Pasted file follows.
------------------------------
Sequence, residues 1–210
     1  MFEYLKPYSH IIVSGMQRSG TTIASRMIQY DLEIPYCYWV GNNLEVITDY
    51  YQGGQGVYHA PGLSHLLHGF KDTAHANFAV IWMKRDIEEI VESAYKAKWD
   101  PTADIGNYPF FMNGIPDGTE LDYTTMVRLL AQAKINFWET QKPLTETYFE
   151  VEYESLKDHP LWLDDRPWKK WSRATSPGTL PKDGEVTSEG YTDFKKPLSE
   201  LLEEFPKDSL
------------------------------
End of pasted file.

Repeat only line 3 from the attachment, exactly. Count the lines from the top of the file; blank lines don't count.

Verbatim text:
    51  YQGGQGVYHA PGLSHLLHGF KDTAHANFAV IWMKRDIEEI VESAYKAKWD